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  • Western Primary School
    Cold Bath Road
    Harrogate
    North Yorkshire
    HG2 0NA
  • Head: Cheryl Smith BEd Ma
  • T 01423 502737
  • F 01423 566 603
  • E [email protected]
  • W www.western.n-yorks.sch.uk
  • A state school for boys and girls aged from 2 to 11.
  • Boarding: No
  • Local authority: North Yorkshire
  • Pupils: 474
  • Religion: Does not apply
  • Review: View The Good Schools Guide Review
  • Ofsted:
    • Latest Overall effectiveness Outstanding 1
      • Early years provision Outstanding 1
      • Outcomes for children and learners Outstanding 1
      • Quality of teaching, learning and assessment Outstanding 1
      • Personal development, behaviour and welfare Outstanding 1
      • Effectiveness of leadership and management Outstanding 1
    • 1 Full inspection 6th June 2018
  • Previous Ofsted grade: Requires improvement on 3rd October 2013
  • Ofsted report: View the Ofsted report

What says..

 Real breadth to curriculum, tweaked in recent four yearly review with involvement from pupils, now with topic themes: each starts with a visit or visitor and ends with each year group showcasing to an audience.  Assessment is through a bespoke, online, holistic tracking system that covers behaviour as well as academic attainment, to enable inclusive support for each child. Bonus for a primary - specialist music teacher and visits from members of Harrogate Grammar Encore department. All children in years 3/4 learn cello or violin...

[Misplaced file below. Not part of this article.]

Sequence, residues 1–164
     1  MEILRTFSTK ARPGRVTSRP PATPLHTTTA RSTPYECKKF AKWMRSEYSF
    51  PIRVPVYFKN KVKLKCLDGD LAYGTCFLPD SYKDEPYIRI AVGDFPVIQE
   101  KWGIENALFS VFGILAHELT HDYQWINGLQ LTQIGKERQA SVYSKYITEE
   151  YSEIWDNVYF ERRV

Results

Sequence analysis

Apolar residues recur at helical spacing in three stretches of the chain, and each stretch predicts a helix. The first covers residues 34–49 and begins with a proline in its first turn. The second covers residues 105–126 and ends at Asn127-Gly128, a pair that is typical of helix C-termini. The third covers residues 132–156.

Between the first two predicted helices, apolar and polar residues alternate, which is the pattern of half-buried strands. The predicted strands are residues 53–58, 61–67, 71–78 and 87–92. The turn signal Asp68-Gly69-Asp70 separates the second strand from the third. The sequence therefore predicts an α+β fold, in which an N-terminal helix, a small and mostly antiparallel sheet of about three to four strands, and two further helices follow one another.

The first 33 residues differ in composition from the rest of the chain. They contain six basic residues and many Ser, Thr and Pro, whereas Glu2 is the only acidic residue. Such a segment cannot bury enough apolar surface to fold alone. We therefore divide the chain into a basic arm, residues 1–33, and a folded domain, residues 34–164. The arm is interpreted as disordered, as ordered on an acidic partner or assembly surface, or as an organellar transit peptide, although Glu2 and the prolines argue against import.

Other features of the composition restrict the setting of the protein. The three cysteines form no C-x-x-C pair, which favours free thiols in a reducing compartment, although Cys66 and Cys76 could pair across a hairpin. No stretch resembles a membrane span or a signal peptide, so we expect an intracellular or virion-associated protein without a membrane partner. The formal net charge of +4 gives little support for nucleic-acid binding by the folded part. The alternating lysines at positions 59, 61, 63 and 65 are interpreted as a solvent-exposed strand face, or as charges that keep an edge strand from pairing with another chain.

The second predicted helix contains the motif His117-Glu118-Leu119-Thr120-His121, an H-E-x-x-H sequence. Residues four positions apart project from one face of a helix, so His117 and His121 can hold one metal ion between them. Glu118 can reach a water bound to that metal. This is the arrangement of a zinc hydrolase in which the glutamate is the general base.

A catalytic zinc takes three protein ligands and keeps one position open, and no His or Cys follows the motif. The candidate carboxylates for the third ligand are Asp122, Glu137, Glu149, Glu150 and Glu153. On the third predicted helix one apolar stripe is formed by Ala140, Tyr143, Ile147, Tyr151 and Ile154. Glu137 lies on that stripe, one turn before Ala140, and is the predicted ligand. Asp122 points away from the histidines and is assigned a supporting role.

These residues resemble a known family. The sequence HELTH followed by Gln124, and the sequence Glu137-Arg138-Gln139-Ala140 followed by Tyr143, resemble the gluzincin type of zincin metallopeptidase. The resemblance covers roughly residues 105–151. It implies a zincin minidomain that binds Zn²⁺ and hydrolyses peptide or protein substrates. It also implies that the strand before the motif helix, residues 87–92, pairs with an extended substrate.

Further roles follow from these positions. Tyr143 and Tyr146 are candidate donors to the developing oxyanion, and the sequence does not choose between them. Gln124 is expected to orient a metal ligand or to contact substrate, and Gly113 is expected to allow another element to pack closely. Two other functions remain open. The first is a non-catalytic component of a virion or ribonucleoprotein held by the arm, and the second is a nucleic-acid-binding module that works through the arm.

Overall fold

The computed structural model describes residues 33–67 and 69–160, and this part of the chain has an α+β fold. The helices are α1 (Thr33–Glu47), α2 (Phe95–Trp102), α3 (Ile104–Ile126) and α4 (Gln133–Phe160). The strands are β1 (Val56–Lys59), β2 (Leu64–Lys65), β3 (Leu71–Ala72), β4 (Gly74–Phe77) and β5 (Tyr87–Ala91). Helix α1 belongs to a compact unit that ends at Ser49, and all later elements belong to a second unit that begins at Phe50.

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What the parents say...

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What The Good Schools Guide says

Head

Since 2003, Cheryl Smith BEd MA (50s), second headship after five years at Hampsthwaite Church of England Primary School. Trained to teach at Edge Hill with first degree from Lancaster University; masters from University of Teeside. Early in her career worked in a large middle school in a deprived area of Sheffield. Her secondment to its integrated resource for special educational needs was a defining moment and future influence. Relocated to York and subsequently worked in several city primary schools.

Believes in being visible to both pupils and parents; is a welcome and smiling presence in the same playground spot each morning, much appreciated by parents and children alike. ‘The head knows my name,’ said one tot with pride and wonder and it was evident in our tour that he...

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Independent schools frequently offer IGCSEs or other qualifications alongside or as an alternative to GCSE. The DfE does not record performance data for these exams so independent school GCSE data is frequently misleading; parents should check the results with the schools.

Special Education Needs